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Author Topic: Is Steinway D too big for my room?  (Read 676 times)
tinctoria88
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« on: August 05, 2017, 12:04:48 AM »

I'm hoping to buy a used Steinway D (or B or C) but am re-assessing how a "D"would work in the 12 foot X 24 foot room with hardwood floors.  My husband is also inspired to buy the long length of bass strings in a Steinway D.  It's best location would be at one end of the 12 ft. width so that the projection could travel across the 24 ft. length of this room.

There's a possible 1963 Steinway D that  may be for sale.  It has all original parts in the action & soundboard, but my tech reported it had been played "aggressively" causing some strings to break in the treble & be replaced.  Haven't heard it yet, but I'm worried about its past life of aggressive treatment.

 Any observations on room size issue and instrument having been roughly handled would be welcome.
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iansinclair
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« Reply #1 on: August 05, 2017, 02:07:00 AM »

Much as I love the Ds'... in that room I think you'd be happiest with an A.  It is shorter than the D, true -- but many people (myself included!) think that of all the big Steinways, it has the best balance of tone and power from top to bottom.  Your room is somewhat smaller than the one my A is in (15 feet by 30 feet, 8 foot celiing, heavy rug on most of the floor but hard plaster ceiling) and the A is really more than ample for that space.  The B would also work -- and there is a debate as to which (A or B) has the better balance.  But on the whole, I'd go for the A...
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Ian
malcolmdominique
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« Reply #2 on: August 05, 2017, 03:22:10 AM »

I have a 9 foot baldwin in a room that is a little smaller than yours I believe. But I have carpet. I love 9 foot pianos because the bass will always outperform smaller pianos hands down I think. I love my 9 foot and have no issue with it. The only thing I would warn, especially since you have hardwood floors, is that you want to be careful depending how it is voiced. If the piano is voiced aggressively (meaning brightly/loudly as if it were prepped to be able play a Rachmaninov Concerto and cut through the Chicago Symphony) then it will just be too much for the room if you have hardwood floors. You won't be able to stand it. But I think a 9 foot would be great!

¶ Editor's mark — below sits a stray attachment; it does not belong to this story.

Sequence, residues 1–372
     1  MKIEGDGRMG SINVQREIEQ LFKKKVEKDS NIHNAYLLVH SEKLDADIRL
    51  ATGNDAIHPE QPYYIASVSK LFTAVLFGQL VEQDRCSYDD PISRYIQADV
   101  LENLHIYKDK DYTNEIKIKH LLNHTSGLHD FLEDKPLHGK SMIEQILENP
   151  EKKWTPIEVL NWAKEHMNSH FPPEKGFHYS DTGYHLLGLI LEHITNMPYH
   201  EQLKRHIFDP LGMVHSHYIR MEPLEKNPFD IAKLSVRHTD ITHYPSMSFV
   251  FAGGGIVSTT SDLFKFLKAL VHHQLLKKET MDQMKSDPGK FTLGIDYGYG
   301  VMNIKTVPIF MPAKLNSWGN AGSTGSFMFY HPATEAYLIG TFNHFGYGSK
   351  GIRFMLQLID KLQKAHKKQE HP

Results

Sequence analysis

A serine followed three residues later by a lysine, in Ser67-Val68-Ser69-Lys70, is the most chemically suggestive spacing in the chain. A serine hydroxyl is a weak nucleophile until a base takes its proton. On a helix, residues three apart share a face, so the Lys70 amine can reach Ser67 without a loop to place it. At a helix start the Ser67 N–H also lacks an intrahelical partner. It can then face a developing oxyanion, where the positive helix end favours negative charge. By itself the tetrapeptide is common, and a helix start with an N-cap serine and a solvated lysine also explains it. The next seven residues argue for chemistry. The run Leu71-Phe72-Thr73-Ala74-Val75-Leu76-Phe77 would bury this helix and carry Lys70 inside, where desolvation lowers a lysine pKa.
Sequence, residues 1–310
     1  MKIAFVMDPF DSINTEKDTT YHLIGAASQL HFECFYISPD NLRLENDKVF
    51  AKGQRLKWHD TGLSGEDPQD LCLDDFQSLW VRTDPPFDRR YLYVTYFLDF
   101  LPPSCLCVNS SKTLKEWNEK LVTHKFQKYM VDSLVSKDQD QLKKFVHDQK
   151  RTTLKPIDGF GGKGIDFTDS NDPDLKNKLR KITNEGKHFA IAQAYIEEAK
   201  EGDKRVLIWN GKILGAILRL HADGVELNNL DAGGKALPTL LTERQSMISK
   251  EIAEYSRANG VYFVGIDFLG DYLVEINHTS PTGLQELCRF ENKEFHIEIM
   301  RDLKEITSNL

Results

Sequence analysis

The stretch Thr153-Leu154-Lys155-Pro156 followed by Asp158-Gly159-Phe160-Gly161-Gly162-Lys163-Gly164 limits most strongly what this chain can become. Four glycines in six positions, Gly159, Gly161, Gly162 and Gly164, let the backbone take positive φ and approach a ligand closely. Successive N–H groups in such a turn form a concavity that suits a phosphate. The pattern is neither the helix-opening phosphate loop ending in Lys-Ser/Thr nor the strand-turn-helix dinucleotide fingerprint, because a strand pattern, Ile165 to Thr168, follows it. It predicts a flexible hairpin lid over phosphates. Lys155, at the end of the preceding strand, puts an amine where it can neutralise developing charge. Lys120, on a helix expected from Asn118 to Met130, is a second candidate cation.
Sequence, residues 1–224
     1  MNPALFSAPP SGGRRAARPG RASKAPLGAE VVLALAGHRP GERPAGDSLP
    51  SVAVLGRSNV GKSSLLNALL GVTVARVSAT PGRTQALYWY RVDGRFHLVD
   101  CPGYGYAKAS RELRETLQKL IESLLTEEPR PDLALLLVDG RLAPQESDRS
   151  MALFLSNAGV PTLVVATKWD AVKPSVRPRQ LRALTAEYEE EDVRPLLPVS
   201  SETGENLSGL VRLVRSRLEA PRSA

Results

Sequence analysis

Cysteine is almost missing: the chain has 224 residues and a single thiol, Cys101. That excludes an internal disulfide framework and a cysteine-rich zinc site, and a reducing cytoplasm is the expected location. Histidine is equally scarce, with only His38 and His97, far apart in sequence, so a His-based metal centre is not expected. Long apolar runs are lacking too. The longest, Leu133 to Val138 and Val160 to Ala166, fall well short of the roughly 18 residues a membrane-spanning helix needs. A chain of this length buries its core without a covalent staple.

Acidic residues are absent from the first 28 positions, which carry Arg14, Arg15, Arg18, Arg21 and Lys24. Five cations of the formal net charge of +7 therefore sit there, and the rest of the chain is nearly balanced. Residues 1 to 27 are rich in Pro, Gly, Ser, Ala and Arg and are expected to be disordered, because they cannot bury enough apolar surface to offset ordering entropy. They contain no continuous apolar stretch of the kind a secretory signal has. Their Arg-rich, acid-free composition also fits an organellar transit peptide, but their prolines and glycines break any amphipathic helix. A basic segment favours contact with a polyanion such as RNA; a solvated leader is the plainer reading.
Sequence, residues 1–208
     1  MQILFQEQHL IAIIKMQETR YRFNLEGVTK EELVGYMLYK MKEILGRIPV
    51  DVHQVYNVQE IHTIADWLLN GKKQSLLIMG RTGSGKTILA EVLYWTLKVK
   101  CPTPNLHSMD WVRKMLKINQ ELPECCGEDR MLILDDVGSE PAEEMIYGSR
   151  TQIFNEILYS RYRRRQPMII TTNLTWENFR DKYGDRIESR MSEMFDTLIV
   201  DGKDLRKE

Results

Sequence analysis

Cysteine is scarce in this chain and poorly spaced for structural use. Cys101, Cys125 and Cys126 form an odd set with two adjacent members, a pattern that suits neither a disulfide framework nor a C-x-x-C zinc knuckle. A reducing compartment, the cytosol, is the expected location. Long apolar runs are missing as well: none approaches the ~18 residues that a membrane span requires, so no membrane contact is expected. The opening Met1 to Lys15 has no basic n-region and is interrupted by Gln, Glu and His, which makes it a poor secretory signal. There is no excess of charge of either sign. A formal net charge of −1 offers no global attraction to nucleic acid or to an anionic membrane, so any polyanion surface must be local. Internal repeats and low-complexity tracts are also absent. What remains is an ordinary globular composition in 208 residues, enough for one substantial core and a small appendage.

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tinctoria88
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« Reply #3 on: August 06, 2017, 08:53:10 AM »

Thanks you both for your wonderful experience with your instruments, both A and D Steinways.  As I'm wanting ample bass , that's why I'm seeking that length of bass strings in a D.  But voicing has already been discussed with the piano technician who will rehabilitate this possible purchase.

What about my concern that the instruments had strings replaced in the treble due to a player breaking them?  Do either of you have any experience  considering how agressive overplaying might affect a piano's future health--even with my technician rehabilitation?
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iansinclair
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« Reply #4 on: August 06, 2017, 04:04:51 PM »

On the broken strings -- it is almost impossible (I won't say it's impossible...) to break a string by playing aggressively.  However, there are three things that can break strings, and do, and the treble seems to be a bit more sensitive: the first is "prepared" pianos, where for various reasons people add nuts and bolts or screws or other oddities to the strings to make particular sounds.  Don't laugh; it's done.  The problem is that these can knick the string, and create a weak point -- which will break.  Another is improper tuning.  The strings must be handled with a certain amount of care; you're not torquing down the wheels on a tractor.  It's rare.

The third is corrosion -- rust.  If the piano has been in a humid environment, it is quite possible that the strings have gotten rusted.  If that is the case, you have a problem.  Not a complete deal killer, but it certainly should be examined with care, as it may be that the instrument will need to be restrung.
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Ian
malcolmdominique
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« Reply #5 on: August 07, 2017, 01:24:27 AM »